The presentation of the wedding cake marks the culmination of the day's festivities and a final symbol of a happy couple's new partnership. Many people eagerly await the cake as much as they may anticipate catching a glimpse of the bride in her beautiful gown. While the cake in all its finery can be a beautiful sight to behold, a cake can only last so long before its fate as a delicious dessert is sealed.
As is the case with many wedding traditions, there is some established etiquette with regard to cutting and serving wedding cake. If you plan on putting your cake on display, be sure it is made with a frosting and filling that can endure room temperature. Certain creams may sour if not refrigerated, and you do not want anyone becoming ill. If you have your heart set on perishable fillings, keep the cake refrigerated and then have the big reveal right before it is cut.
The cake cutting usually comes near the end of the wedding reception. Schedule the cutting so that older guests or young children can leave without feeling as if they would be offending anyone. The emcee of the evening typically announces the cake cutting, and the band may play a quirky tune or revisit the wedding song while the first slice is being cut.
A bride should hold the cake knife with her right hand, while the groom places his right hand over hers before they proceed to slice down together. If the cake has a foam or cardboard support, be careful not to cut through it. Use a cake server to grab the first piece.
Traditionally the newly betrothed will feed each other a bite of the cake to symbolize their first meal as a couple. Couples can feed each other a small amount, taking care not to spill any. Many couples no longer embrace the once-popular tradition of smashing cake in each other's faces, but whether or not couples follow this tradition is up to them.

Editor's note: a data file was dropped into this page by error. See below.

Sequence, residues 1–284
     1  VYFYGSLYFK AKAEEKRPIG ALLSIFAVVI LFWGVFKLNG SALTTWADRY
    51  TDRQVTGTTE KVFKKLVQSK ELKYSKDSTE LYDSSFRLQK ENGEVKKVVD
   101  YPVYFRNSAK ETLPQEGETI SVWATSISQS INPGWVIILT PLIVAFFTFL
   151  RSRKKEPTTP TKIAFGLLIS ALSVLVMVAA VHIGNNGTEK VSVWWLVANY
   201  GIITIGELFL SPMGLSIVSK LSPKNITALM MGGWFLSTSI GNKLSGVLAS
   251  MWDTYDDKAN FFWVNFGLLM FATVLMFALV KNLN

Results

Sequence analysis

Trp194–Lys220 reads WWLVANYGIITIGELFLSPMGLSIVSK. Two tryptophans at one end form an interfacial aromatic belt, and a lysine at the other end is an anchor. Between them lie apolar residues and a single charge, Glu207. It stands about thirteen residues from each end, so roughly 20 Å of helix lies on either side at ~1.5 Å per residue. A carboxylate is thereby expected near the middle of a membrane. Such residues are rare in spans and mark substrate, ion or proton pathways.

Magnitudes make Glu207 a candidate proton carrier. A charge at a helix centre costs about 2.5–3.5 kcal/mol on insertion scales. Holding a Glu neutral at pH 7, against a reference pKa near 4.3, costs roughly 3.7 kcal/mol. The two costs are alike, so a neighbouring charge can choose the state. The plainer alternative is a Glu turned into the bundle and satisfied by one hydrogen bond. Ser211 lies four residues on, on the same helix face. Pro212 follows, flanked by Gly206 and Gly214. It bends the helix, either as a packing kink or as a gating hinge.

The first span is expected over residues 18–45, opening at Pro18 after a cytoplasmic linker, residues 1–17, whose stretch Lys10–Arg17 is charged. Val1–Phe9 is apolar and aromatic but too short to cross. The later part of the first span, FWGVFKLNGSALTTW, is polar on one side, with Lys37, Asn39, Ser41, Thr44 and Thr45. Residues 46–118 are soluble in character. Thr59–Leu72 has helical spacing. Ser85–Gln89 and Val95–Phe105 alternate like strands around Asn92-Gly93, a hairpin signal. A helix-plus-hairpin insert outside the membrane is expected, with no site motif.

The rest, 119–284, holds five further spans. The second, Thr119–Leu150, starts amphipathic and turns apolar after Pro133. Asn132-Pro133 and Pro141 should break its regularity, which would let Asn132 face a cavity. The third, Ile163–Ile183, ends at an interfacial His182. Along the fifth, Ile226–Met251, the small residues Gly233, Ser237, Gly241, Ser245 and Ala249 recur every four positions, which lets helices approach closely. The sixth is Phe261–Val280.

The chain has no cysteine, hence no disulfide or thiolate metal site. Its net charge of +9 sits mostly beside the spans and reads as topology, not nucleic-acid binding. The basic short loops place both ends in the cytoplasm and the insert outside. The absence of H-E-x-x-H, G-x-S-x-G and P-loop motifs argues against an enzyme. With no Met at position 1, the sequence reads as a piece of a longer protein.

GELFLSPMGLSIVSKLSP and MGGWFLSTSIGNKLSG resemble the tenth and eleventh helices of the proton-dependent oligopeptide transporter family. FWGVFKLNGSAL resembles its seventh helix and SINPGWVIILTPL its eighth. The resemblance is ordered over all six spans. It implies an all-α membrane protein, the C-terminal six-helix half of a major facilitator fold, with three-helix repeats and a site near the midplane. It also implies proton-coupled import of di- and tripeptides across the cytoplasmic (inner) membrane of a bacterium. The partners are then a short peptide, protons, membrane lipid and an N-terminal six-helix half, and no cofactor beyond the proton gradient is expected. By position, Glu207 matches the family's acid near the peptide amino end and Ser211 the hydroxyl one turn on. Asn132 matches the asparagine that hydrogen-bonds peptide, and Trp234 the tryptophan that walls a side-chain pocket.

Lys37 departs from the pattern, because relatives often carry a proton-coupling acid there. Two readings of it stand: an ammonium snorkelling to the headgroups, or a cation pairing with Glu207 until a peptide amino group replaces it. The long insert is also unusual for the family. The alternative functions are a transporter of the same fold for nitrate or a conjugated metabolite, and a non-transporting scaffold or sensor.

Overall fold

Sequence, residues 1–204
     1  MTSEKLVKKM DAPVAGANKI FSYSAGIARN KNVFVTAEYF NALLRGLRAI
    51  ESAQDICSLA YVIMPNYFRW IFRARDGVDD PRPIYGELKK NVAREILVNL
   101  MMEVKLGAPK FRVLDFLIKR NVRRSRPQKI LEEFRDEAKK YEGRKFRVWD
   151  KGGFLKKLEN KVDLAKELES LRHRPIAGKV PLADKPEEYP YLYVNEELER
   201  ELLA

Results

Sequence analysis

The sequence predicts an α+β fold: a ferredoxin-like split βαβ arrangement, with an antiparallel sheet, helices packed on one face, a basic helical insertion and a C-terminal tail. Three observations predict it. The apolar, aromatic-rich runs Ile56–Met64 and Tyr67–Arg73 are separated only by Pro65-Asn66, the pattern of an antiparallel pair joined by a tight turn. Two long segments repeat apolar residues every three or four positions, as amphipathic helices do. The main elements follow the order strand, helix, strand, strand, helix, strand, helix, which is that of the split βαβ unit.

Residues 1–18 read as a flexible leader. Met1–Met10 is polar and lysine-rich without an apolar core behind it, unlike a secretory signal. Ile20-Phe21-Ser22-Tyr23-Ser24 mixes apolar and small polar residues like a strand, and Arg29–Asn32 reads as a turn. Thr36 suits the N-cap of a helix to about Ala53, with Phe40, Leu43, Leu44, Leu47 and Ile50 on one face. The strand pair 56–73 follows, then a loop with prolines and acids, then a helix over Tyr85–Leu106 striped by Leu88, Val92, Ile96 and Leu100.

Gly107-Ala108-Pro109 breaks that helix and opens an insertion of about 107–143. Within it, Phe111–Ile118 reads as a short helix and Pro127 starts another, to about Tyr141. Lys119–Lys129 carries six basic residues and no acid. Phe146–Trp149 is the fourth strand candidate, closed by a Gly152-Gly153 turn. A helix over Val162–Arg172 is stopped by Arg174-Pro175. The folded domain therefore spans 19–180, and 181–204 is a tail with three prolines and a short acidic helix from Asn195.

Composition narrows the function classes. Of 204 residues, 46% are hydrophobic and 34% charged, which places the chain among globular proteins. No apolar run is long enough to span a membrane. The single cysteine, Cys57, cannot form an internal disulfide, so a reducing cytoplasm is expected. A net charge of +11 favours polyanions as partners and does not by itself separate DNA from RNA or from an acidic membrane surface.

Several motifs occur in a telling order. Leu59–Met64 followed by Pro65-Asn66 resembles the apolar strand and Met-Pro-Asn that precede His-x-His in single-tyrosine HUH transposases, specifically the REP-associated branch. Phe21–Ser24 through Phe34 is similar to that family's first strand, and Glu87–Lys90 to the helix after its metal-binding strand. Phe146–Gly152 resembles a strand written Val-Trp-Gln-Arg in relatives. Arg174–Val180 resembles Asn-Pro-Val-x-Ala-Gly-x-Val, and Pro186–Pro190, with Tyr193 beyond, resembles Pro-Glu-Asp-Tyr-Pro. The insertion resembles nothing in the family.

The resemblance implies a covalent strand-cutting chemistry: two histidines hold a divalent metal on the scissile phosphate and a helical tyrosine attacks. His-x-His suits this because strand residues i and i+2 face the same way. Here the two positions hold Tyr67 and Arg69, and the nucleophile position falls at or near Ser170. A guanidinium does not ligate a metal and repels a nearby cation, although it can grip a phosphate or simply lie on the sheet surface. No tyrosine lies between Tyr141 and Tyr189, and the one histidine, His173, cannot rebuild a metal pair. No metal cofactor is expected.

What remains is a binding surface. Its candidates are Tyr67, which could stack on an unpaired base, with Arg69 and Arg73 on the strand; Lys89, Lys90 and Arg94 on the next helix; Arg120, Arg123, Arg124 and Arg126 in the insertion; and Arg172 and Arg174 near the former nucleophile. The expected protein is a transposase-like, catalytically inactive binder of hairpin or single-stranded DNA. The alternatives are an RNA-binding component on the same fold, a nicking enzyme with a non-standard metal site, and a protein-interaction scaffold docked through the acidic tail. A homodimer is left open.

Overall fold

Some couples like to serve their parents a piece of cake. Traditionally the bride should serve the groom's parents and the groom the bride's parents.
If there is a groom's cake, guests may prefer a slice of both cakes. Guests may also want to take home a slice of the groom's cake. Tradition states that a piece of the groom's cake should be presented to an unmarried woman attending the wedding. The woman is not expected to eat the cake, but rather to put it under her pillow. Superstition held that this tradition would help an unmarried woman find a husband. Make arrangements for proper packaging of the groom's cake, so guests can take home a slice if they so desire.
The waitstaff typically handles the slicing of the cake. The uppermost tier is reserved for the couple to save, and the remainder of the cake will be served.
Recognize that not all guests like cake, but it's better to err on the side of caution and have a cake that will feed all of the guests. You also may want to offer a dessert bar for guests who prefer another type of sweet treat. However, this is a luxury, not a necessity.
The cake-cutting ritual at weddings has withstood the test of time, and many couples still prefer to present the cake with fanfare and excitement.